Chris Turner on his BBC New Comedy Award experience
Chris Turner chats about taking part in the BBC Radio New Comedy Award 2011.
After claiming victory in his Cardiff heat, Chris Turner miraculously managed to balance completing a degree at Oxford University and the BBC Radio New Comedy Award, graduating from the final in 2011.
Now a successful performer both solo and with his improvisational comedy troupe, Racing Minds, we caught up with Chris to talk about girls, Iceland and meeting Rhod Gilbert…
Why did you want to become a comedian?
I decided I wanted to be a comedian because there was a girl I liked who I wanted to impress and I thought that the best way to do that was to go on stage and make people laugh. I ended up going out with her and then found out that she would have preferred it if I’d stayed doing music… but I’m still doing it and I’m still going out with her, so that’s alright!
Tell us about a highlight from the 2011 competition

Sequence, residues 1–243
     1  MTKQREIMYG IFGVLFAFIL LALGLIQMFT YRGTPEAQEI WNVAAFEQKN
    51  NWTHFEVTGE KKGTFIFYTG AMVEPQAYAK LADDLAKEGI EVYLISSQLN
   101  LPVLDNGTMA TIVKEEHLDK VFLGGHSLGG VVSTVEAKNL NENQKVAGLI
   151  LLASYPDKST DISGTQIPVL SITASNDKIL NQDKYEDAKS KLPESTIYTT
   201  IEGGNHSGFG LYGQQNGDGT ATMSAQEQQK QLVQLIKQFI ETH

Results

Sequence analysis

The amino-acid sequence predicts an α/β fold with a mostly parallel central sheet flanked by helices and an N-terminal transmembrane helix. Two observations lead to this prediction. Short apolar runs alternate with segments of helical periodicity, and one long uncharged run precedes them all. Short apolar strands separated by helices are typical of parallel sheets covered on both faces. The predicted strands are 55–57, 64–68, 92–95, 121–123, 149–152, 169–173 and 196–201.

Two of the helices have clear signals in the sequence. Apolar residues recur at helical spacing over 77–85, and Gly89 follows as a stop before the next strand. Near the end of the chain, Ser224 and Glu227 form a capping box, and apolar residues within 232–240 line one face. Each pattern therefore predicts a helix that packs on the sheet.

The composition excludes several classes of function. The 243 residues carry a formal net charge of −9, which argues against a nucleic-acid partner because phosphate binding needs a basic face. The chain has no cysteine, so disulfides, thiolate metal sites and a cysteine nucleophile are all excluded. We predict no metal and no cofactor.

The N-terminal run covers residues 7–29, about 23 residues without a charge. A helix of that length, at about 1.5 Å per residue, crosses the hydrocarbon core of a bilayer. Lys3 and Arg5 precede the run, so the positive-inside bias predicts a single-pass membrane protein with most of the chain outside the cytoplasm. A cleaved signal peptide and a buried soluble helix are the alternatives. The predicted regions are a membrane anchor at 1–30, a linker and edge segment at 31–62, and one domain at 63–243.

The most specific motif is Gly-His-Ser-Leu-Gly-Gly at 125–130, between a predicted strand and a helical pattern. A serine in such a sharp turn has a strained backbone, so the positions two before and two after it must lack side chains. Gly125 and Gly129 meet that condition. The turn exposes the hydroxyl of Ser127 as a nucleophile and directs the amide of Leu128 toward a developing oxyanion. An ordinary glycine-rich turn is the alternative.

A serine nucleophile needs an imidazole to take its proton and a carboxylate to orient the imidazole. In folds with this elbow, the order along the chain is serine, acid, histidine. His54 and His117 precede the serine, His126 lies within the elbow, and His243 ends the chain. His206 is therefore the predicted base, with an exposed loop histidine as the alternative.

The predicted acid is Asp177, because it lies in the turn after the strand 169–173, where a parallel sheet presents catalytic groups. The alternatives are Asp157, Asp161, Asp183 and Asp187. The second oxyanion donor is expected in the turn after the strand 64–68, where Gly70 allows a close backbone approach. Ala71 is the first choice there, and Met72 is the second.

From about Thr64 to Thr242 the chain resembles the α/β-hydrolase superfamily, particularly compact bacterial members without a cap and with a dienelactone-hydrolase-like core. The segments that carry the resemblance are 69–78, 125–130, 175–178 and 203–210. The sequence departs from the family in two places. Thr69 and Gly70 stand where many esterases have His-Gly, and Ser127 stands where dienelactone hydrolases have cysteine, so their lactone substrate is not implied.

The semi-final was awesome. That was at the Bath Komedia, which is a beautiful venue. You had 400 people there and stepping out on that stage with the glittering backdrop and an audience full of people waiting to see the ‘comedy stars of tomorrow’… that was really incredible to have.
Did you meet anyone famous?
I met Rhod Gilbert at the heat, which was great as he was judging it. We had a chat until about 2am in Cardiff. The stuff he said to me I’ve seen coming true… the way he thought I’d develop. He said “In three years, I don’t think you’ll be doing what you’re doing now, but I think you’ll still do those kind of jokes”
Has anything happened as a direct result of the award?
I had an old couple come up to me [at a gig] who said “why are you here?!” I thought, okay, this is quite exetensial, but it turns out that this was their local comedy night and they’d heard me on BBC Radio 2. They were amazed that someone they’d heard on the radio was in their village.
Another thing was, because the heat was filmed, I got a showreel of it. We put it on You Tube and it’s had 84,000 views. A month after I put it up, it went really big in Iceland!
Any advice for this year’s competitors?
My advice to people in the heats this year is to be certain of your set. Don’t go out there with new material that you’re not sure of. Take that five minutes and drill it so you know that every word is in there for a reason. You want to go out there and showcase that five minutes to define yourself as a stand-up. That could be twenty jokes or one long story – you want to package yourself as an act. If everything you say is perfect and you’ve got it down, that’s going to give you the best chance in the competition.